How ‘Hail Hail Rock ‘n’ Roll’ Became Chuck Berry’s All-Star Party
One of the most highly regarded rock documentaries got its start on Oct. 16, 1986, when director Taylor Hackford and musical producer Keith Richards filmed the two concerts held for the all-star Chuck Berry tribute Hail! Hail! Rock 'n' Roll in St. Louis.
Featuring Berry performing a set full of classic hits alongside a passel of rock royalty (including Eric Clapton, Richards, Joe Walsh, Linda Ronstadt and Etta James) as well as a few younger artists influenced by Berry's work (such as Julian Lennon and Robert Cray), Hail! Hail! Rock 'n' Roll sparked a new wave of appreciation for his music, while spinning off a successful soundtrack album.
The backup band Richards assembled included Rolling Stones sidemen Chuck Leavell and Bobby Keys – and, perhaps most importantly Johnnie Johnson, who played piano on many of Berry's definitive recordings. In one scene, Richards notes that Berry's style of playing, which influenced all of rock guitar playing, came as a result of trying to work out Johnson's piano parts on guitar.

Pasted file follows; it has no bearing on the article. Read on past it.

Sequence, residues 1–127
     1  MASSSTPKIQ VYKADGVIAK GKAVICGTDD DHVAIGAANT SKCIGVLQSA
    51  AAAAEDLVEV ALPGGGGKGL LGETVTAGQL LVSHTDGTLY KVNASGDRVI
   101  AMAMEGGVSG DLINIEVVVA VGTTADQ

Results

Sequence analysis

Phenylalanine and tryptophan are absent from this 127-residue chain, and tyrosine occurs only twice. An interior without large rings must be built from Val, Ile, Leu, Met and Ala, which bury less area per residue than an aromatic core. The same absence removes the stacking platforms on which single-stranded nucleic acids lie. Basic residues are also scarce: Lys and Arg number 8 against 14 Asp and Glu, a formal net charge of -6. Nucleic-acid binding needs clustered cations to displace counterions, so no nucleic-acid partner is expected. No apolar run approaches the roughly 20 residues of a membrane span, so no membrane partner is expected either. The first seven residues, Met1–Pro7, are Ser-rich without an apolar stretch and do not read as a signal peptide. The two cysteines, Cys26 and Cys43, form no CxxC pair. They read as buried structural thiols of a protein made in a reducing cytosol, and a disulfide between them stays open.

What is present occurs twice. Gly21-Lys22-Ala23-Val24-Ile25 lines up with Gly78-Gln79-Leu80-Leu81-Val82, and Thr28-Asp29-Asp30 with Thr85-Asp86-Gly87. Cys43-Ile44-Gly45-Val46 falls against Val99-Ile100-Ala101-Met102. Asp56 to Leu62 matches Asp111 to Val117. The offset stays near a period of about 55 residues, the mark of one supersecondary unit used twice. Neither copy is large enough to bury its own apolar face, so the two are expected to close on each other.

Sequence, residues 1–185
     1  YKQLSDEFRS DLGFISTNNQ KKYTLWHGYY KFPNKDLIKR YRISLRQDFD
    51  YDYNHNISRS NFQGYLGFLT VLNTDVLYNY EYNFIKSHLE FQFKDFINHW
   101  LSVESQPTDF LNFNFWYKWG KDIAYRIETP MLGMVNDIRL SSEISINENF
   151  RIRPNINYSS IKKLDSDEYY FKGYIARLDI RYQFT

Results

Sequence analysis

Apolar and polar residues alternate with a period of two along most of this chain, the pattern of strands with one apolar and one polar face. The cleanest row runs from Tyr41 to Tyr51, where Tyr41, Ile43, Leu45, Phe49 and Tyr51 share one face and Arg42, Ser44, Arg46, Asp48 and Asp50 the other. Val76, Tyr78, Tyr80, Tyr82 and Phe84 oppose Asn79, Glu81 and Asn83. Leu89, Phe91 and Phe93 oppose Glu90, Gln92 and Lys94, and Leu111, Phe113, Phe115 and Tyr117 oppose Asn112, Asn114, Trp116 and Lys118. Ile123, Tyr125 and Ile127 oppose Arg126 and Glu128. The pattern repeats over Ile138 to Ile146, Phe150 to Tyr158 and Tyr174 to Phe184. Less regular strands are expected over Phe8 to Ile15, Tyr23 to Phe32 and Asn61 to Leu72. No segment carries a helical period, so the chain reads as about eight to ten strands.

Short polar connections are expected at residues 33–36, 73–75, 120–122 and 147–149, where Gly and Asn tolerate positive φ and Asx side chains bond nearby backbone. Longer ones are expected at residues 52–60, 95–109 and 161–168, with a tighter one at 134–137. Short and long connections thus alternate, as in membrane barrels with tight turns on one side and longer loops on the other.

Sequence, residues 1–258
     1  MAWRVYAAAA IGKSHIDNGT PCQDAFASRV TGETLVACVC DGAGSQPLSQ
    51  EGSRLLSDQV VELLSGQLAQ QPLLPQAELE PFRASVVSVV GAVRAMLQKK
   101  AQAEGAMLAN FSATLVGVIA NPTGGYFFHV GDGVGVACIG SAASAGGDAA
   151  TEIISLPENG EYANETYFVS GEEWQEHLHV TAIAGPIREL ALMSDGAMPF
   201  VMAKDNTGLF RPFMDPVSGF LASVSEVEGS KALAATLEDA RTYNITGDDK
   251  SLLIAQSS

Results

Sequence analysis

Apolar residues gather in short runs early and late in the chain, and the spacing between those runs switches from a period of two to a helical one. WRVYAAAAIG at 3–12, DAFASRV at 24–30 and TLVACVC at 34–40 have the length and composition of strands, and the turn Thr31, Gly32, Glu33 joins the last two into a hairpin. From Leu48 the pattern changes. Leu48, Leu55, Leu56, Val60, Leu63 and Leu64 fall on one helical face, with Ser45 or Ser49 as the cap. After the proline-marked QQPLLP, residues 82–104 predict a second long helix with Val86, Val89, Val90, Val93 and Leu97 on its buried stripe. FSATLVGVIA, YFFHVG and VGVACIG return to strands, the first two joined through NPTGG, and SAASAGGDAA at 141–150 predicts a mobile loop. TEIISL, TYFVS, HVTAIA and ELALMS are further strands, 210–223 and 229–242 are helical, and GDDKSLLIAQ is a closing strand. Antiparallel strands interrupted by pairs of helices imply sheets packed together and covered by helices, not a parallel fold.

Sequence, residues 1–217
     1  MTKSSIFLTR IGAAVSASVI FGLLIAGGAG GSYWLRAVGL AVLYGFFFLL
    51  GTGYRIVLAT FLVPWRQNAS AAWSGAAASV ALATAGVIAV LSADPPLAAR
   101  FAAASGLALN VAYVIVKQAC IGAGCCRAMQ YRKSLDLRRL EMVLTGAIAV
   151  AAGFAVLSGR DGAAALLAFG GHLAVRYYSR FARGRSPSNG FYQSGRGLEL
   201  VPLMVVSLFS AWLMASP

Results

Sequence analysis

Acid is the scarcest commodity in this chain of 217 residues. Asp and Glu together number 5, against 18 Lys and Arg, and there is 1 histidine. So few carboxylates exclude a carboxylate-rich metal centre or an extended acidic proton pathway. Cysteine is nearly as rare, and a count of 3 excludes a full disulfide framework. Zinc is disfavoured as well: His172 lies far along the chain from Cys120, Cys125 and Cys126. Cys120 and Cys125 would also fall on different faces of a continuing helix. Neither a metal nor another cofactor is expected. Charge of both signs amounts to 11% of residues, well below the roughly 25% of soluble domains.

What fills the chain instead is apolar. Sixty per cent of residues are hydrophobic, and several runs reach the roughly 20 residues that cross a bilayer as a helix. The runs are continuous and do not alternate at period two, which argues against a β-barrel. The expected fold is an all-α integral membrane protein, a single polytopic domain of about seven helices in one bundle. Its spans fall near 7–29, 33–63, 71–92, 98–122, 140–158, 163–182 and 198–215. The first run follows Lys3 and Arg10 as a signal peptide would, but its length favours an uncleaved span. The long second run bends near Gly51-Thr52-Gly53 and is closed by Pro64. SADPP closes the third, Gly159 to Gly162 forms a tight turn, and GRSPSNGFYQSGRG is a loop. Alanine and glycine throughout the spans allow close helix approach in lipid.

The songs were the movie's main draw for most, but Hackford earned raves for offering filmgoers a peek into Chuck Berry's private life and creative process. Bruce Springsteen, John Lennon and other legends offer testimonials – while Richards, his No. 1 fan, displays his complex love-hate relationship with Berry. As critic Robert Christgau put it at the time, it's "a wickedly funny and moving rock-doc classic, exposing Berry the money-grubbing control freak without devaluing his genius in the process."
The film saw release a little less than a year after the concerts were held, arriving in theaters on Oct. 9, 1987. The concerts were timed to celebrate Berry's 60th birthday on Oct. 18, 1986.